Are you doing anything in your vineyards with climate change happening? Are there things happening with the climate so you have to make some accommodations in the vineyard?
The interesting thing is what we did this in Argentina in the past and this can be a model for climate change the rest of the world. My father in the 90s planted at high altitude. I went to France with my dad once and we met Jacques Lurton. We brought a bottle of Cabernet from a traditional area in Bordeaux to drink with him. He said that the wine tasted like a nice Cab from the Languedoc. I didn’t know much about wine so the comment did not mean anything, but my dad was dead serious and upset about it afterward. He said to me that if a Bordeaux person says a Bordeaux wine tastes like it is from the Languedoc that is awful (Karl: the quality of Languedoc wines has since improved. There were many very good Languedoc wines at VanWineFest 2020). When we went back to Argentina my dad said we had to plant in cool climate places either south or toward the mountains. We dealt with climate and finding cooler climate 30 years ago. Going higher altitude is one way to get a cooler climate. So our experience on how we experimented and studied the soils and grapes is something that other people can use to combat climate change.
One thing about Argentinean Malbec is that the skins are thicker there compared to Bordeaux. Are you noticing that the Pinot Noir skins are also getting thicker?
Basically Malbec skins are thicker over 4000 ft elevation as the grape is protecting its skin. I have not studied it yet for Pinot Noir. It would be interesting to know. We have Pinot Noir planted in cool climate areas at high altitude with lots of sun. A good question we should answer.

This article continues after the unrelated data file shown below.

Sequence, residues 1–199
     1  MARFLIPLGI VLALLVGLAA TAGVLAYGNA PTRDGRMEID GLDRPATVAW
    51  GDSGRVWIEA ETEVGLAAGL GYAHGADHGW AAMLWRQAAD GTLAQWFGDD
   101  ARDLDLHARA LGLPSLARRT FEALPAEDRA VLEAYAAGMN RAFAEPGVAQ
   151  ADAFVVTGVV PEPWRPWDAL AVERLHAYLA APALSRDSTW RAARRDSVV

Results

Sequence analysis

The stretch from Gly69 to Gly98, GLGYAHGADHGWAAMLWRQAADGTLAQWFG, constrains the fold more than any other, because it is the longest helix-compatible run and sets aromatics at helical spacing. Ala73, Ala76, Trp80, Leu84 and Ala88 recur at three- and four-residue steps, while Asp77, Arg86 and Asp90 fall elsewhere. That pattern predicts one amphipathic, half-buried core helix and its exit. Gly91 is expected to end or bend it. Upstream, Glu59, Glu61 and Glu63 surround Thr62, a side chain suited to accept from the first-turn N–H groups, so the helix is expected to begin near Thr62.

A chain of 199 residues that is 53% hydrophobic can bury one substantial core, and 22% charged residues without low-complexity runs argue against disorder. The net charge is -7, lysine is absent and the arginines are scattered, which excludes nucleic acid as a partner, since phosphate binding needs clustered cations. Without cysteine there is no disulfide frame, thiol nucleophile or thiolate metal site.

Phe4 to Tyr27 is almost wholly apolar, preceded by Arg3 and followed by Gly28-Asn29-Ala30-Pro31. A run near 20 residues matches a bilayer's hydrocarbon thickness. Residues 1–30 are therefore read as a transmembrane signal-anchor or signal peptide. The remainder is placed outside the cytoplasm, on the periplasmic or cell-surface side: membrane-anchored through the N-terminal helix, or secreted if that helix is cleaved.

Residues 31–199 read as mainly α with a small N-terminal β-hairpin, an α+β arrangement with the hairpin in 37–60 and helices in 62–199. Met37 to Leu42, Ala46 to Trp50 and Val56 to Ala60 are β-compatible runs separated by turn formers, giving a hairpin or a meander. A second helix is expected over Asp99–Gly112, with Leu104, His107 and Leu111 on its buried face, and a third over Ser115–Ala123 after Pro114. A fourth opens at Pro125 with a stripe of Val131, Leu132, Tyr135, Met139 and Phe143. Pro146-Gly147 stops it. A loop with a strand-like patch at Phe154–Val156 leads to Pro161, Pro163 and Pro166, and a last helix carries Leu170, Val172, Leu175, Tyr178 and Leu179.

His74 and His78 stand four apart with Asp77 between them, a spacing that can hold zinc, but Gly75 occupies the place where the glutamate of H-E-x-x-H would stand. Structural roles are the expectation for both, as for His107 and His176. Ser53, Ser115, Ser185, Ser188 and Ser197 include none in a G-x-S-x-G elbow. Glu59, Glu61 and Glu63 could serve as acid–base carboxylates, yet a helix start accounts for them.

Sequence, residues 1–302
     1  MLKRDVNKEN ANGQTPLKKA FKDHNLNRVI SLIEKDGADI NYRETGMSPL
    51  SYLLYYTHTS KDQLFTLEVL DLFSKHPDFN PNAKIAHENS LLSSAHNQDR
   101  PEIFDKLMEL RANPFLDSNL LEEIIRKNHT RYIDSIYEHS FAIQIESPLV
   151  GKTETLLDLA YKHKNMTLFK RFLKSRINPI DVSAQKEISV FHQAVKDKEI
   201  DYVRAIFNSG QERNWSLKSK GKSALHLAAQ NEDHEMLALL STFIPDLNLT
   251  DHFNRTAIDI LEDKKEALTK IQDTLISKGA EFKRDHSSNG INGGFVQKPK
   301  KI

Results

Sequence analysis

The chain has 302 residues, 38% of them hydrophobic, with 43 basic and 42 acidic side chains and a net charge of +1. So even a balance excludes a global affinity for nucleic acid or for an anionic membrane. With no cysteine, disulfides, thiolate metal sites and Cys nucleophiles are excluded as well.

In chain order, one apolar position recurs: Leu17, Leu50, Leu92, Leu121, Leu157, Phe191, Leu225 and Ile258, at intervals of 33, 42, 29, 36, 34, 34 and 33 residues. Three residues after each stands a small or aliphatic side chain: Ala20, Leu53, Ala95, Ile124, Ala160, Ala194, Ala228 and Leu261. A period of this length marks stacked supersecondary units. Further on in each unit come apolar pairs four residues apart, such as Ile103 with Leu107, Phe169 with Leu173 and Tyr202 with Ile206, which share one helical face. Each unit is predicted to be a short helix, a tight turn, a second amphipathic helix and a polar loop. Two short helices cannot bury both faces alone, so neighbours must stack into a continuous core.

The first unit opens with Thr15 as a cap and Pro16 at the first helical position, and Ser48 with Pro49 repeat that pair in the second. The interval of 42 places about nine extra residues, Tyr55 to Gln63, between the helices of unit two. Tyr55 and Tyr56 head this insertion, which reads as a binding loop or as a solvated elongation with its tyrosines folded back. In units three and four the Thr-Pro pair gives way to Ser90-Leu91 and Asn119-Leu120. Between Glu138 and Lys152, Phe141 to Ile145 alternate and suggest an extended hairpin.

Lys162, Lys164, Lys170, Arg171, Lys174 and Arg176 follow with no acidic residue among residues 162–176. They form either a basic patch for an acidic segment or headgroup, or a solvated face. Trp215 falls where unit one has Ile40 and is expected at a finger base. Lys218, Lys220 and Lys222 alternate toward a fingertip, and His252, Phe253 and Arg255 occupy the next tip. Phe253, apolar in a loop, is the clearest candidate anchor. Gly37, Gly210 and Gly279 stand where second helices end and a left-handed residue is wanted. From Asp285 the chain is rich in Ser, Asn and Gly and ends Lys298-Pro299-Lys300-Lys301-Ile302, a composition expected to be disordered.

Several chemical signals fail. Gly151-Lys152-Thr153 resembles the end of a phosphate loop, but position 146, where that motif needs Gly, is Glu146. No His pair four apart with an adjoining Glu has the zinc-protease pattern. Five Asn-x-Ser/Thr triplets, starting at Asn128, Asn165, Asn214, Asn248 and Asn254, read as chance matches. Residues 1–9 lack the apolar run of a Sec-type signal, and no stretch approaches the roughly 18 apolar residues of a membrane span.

Who are worse patients, grapes or people?
There is no such thing as a bad grape or patient. Maybe grapes. I love all my patients. I love people with all their flaws. When I am a doctor I feel like I am serving people. I am there to help whatever they are going through. Grapes are kind of annoying when you have a bad year and they rot, or the yields are way down due to frost. So if I had to choose, I’d drink wine but I choose people. People are better behaved.
People can also answer you back. How do you feel? Where does it hurt?
The life of a vineyard owner is tough. Every vintage you get whatever the climate dictates. And you can’t control it. People you can help. You can give them medication and save them. With grapes sometimes you can’t.
If you could have a gigantic billboard on the side of the road what would it say?
It would say “Come visit us in Mendoza Argentina” because I think the way people understand wine is to visit the region. And that is one of the greatest disadvantages for Argentina compared to Italy and France as people visit those places more often, they fall in love with the place and the wines. If people can come to Argentina it will be good for Argentinean wines.
It’s on my bucket list. Maybe I can help you study Pinot Noir skin thickness? Thank you for your time.